Regulator takes to big screen to spread smart word on ‘dumb money’

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Regulator takes to big screen to spread smart word on ‘dumb money’

By John Collett

A warning on the dangers of investment hype will run at the start of each screening of Dumb Money, a film that opens on Thursday around Australia on the GameStop “short squeeze” incident of 2021. 

The Australian Securities and Investments Commission is running the cinema advertising campaign, which Calissa Aldridge, ASIC’s executive director of markets, says is a unique opportunity to get a message directly to the target market.

ASIC’s Calissa Aldridge says its new campaign is aimed at those most susceptible to investment hype.

ASIC’s Calissa Aldridge says its new campaign is aimed at those most susceptible to investment hype. Credit: Natalie Boog

US-listed GameStop’s share price rose by about 2000 per cent in January 2021, before losing most of these gains in early February. Short selling is a highly risky trading strategy in which traders make money when share prices fall, rather than rise.

The publicity surrounding the rise of GameStop’s share price, and the small army of mostly young investors, influenced by social media, who started trading during the pandemic, led to a spate of market manipulations among smaller listed Australian companies in the latter part of 2021.

Aldridge says films such as The Big Short, Margin Call and Dumb Money can glamourise risky investing, and it is important to remember that with high-risk investments, you should be prepared to lose all your money.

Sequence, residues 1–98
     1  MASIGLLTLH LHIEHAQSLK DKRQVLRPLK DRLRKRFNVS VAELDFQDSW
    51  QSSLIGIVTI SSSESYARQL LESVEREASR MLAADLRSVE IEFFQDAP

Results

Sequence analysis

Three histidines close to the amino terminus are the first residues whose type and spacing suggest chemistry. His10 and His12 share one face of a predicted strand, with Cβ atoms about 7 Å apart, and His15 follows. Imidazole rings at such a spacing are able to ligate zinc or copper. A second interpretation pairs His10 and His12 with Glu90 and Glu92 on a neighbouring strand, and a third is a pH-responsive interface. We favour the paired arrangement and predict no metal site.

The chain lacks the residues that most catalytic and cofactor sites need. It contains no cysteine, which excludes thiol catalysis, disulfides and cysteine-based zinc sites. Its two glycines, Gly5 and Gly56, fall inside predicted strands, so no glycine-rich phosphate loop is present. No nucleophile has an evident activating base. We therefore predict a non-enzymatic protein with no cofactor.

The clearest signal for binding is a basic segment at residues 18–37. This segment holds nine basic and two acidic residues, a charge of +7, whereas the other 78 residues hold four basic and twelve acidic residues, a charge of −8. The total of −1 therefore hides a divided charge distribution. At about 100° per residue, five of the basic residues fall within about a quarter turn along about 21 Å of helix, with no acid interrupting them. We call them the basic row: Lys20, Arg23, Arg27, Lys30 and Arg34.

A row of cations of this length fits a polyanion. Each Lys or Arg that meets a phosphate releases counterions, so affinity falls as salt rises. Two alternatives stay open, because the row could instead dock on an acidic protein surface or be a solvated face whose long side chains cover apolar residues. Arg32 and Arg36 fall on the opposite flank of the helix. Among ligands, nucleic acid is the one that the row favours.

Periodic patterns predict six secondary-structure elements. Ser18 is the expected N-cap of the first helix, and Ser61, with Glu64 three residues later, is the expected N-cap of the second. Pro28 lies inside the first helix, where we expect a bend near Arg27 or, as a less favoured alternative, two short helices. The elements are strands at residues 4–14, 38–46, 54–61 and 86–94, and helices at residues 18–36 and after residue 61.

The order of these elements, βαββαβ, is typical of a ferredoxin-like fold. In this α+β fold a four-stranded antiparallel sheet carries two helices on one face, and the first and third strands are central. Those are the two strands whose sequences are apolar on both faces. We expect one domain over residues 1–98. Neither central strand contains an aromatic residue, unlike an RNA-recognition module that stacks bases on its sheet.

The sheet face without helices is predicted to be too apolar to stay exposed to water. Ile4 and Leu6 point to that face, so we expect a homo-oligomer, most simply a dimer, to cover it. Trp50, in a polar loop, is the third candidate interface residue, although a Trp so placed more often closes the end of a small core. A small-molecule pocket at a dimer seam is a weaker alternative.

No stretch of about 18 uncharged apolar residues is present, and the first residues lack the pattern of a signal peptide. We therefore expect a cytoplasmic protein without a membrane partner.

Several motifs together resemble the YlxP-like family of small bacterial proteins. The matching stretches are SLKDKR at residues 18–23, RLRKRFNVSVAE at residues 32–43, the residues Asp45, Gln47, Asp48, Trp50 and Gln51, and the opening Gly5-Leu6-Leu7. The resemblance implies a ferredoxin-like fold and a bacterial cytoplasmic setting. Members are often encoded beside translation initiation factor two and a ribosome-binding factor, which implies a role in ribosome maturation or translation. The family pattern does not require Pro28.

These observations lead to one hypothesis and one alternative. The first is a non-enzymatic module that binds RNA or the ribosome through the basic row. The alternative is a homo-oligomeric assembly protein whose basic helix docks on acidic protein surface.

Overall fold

“It can glamourise what is essentially really risky investing – they make for great stories, but our key message [is to be careful as] quite often when investors get involved in the hype … they can buy when prices are high and the prices come down, and they lose out,” she says.

The cinema advertising coincides with the regulator’s new consumer campaign called “Don’t get burnt by hype”.

As well as raising investor awareness of the risks, the campaign sends a warning to those who seek to employ a strategy called “pump and dump”, which can be illegal.


The instigators of the market manipulation create an air of excitement about a listed company or simply make a company a target, hoping that other investors will join in and drive the share price higher.


They then sell – or “dump” – their shares and take profits, leaving other shareholders holding shares worth less than they paid for them.

Crypto scams and apps that seek to “gamify” share trading are also on ASIC’s priority list, as well as its crackdown on influencers, those who give stock tips and other “advice” online but lack the necessary qualifications.

Aldridge says a survey of young people in 2021 commissioned by the regulator showed one in three aged 18 to 21 said they followed “finfluencers” and two-thirds of those said they had changed their investment behaviour in response to what was said.

Not only was there a huge influx of younger investors during the pandemic, but they are hugely influenced by what they hear online, she says.

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